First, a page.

And indeed, there are many topics where the theory-part is in one course and the programming is in another.

With that in mind, here is a different way to offer courses (some depts already do some of this).

1) A course in Algorithms AND Data Structures. Actually I have seen this title on courses but its usually just a theory course. I mean you REALLY PROOF and CODE. Might need to be a year long.

2) Crypto AND Security. You learn crypto and security together and do both. If you only did the crypto relevant to security it might be a semester long and in fact it might already be being done. But I am thinking of really combining these courses--- code and prove. Might be a year long.

3) Formal lang Theory and Practice of Compilers. You do DFA, NDFA, CFG, but also do compiler design. If you also want to do P, NP, and decidability (spell check thinks that decidability is not a word!) then might not quite connect up with compilers, then again in might with theorems like: CFG equivalence is undecidable. Might be a year long.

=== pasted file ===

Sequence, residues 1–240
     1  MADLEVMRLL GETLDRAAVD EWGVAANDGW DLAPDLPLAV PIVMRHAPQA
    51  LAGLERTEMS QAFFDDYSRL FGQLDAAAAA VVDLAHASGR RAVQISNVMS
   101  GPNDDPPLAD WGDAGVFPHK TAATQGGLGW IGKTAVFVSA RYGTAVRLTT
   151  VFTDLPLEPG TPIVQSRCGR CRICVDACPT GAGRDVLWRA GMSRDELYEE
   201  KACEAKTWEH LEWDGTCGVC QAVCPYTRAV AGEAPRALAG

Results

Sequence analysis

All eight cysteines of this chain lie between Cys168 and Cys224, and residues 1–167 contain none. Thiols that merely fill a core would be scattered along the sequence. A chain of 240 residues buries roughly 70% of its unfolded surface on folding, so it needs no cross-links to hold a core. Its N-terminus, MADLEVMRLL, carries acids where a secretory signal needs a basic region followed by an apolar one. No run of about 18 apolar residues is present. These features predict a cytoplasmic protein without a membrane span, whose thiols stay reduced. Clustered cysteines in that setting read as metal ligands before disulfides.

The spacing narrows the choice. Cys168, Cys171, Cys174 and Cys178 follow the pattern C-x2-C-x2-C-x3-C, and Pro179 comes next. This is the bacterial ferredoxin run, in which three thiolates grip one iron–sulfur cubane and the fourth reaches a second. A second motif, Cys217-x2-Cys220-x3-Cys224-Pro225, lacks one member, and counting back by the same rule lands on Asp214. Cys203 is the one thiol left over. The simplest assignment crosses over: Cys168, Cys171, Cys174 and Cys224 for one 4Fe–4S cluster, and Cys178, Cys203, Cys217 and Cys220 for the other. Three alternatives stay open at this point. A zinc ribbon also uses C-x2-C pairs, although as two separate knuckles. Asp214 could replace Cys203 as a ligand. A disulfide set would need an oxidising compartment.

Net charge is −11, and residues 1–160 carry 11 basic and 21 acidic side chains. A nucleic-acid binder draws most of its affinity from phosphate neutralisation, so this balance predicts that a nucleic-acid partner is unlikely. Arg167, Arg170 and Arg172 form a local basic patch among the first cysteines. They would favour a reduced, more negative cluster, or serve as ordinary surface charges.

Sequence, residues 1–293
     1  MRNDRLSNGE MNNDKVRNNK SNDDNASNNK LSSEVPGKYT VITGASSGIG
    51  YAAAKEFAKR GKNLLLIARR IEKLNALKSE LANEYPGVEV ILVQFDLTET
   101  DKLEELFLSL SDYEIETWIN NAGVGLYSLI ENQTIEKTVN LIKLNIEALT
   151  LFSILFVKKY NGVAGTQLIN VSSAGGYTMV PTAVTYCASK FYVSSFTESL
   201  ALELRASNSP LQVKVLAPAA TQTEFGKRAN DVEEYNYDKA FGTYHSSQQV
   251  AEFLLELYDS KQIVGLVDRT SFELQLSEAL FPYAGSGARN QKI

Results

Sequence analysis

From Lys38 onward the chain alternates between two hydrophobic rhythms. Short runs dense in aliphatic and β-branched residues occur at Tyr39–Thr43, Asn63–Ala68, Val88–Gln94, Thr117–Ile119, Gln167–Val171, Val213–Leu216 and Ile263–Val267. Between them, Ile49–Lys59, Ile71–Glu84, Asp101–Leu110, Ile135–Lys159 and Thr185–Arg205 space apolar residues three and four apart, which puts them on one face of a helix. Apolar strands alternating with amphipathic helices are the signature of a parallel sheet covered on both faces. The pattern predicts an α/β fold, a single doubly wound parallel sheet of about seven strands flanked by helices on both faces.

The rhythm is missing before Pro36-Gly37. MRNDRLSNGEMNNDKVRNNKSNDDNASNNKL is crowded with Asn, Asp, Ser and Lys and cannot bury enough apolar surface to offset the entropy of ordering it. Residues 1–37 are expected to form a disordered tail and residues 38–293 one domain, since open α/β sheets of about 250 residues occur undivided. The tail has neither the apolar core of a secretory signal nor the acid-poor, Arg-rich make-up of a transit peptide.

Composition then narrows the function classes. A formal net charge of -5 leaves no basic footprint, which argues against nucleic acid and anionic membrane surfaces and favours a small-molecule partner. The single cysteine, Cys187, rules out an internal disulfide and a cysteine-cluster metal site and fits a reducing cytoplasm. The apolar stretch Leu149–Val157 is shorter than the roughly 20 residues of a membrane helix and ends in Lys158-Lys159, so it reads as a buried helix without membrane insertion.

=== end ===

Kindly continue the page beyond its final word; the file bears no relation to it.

4) Machine learning AND Prob/stat.

PROS: Theory and Practice would be more united.

CONS: Having year-long courses is hard for the students scheduling their courses. Would having just one semester of any of the above courses make sense?

CONS: Harder to find someone to teach these courses. I'll confess that I prefer to teach formal lang theory without any programming in it.

CAVEAT: I think theorists coming out now know more of the practical counterpart of their area than I did and perhaps than people of my generation did.